4. Jake Easley said...

    To avoid browning, in the fridge or on the counter, next time try placing the pit inside your container. So, if you make a bowl of delicious guacamole, just drop the pit right in the center of the bowl for hours (or days) of greener avocado. It works! But it’s not the most attractive thing, so rinse it off good in cold water first.

  5. Nicole said...

    Avocados are, in my humble opinion, the fruit of the gods. They are DEE-LISH. I can’t believe I refused to even try them until just a year or two ago. What was I thinking?! Now, I’m eating them up as fast as I can (I have a lot of lost time to make-up).

    By the way, I love your Dad. His comment is so sweet and I can tell you’re a daddy’s girl, just like me! I love your comment about golf, too. My dad taught at an early age and my clubs paid my way through college – thanks Dad!

    So glad I found your blog through Foodgawker, I’ll be sure to stop by often.

    Happy eating (and blogging)!!!!

  6. Nicole said...

    My sister used to work at a sandwich shop and they used a spatula to remove the avo skins! I have her do it even though she hates avocados since I love them. :D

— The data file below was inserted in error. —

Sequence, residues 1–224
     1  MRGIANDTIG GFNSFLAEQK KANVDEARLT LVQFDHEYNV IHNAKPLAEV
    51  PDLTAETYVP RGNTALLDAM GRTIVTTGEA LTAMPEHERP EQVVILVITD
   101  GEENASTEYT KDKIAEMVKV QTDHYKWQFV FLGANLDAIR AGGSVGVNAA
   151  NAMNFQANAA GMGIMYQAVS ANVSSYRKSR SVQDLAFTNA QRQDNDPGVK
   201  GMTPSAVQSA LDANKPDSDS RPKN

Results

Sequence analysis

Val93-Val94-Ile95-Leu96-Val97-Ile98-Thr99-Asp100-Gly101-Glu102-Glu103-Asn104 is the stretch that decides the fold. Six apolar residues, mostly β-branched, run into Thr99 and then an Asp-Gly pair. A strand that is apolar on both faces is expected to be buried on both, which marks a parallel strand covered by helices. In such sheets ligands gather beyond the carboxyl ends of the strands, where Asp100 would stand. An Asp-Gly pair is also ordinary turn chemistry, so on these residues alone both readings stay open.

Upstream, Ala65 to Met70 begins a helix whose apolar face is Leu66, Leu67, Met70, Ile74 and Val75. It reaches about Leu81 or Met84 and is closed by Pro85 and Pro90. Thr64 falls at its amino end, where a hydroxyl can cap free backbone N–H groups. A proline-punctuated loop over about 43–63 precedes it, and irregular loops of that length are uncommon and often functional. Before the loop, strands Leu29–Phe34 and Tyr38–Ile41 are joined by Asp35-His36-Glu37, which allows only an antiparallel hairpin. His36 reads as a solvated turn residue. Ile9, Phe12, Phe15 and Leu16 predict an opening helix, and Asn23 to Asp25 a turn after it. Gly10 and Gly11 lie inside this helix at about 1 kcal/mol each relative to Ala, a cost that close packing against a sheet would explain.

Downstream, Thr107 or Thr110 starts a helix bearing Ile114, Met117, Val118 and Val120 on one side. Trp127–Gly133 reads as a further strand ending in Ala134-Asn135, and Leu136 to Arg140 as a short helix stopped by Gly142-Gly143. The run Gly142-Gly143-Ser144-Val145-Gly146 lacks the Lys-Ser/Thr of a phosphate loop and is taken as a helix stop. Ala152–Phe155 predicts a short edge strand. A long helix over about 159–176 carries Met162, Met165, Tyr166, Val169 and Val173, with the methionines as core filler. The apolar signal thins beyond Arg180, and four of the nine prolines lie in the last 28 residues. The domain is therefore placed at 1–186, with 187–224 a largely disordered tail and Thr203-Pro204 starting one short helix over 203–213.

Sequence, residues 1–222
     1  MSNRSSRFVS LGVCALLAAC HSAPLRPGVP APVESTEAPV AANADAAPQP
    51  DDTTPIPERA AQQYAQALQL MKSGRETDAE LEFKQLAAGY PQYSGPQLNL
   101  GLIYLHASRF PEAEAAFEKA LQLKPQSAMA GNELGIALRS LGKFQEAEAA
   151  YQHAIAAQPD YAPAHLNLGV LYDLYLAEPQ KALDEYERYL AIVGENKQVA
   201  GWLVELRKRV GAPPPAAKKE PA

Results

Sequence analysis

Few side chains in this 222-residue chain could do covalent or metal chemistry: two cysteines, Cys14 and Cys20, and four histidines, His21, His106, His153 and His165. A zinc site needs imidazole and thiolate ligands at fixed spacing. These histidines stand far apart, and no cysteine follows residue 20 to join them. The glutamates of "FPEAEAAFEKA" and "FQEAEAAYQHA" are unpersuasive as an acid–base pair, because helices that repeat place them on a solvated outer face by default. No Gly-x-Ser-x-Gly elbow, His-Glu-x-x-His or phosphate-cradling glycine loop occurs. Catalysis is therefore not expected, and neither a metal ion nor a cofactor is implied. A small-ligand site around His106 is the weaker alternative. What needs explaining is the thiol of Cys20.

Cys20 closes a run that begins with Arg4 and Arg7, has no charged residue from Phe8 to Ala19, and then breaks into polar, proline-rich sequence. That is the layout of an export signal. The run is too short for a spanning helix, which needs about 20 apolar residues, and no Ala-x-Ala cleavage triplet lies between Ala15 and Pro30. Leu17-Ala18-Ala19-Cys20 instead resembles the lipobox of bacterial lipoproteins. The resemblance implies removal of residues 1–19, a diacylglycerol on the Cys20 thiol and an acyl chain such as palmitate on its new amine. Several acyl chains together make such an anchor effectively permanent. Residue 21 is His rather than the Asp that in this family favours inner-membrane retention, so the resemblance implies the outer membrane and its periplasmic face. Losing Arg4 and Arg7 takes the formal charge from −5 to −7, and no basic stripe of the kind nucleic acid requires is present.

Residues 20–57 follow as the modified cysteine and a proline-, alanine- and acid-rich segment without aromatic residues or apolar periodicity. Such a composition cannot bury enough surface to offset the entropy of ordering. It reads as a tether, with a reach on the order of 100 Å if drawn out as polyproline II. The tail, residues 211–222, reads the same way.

7. Samantha said...

    I have never heard of using a peeler to prepare an avocado! Though I do live in San Diego so the phrase “elusive avocado” is not a common one. I feel like I was born knowing how to cut an avocado! How common are avocados on the east coast?

  8. Britt said...

    Samantha–I’d never heard of it either…until my dad told me he did it. ;) They’re pretty common out here (definitely not “local”), but I grew up in WI/MN and can say pretty certainly that I’d never eaten one until I moved east. Heck, back in the midwest, even arugula seems exotic to much of my family!

  9. Hannelore Lundi said...

    After reading this, I get hungry for avocados. Thanks for the useful info, how about you drop by and give me a few tips, would apreciate it.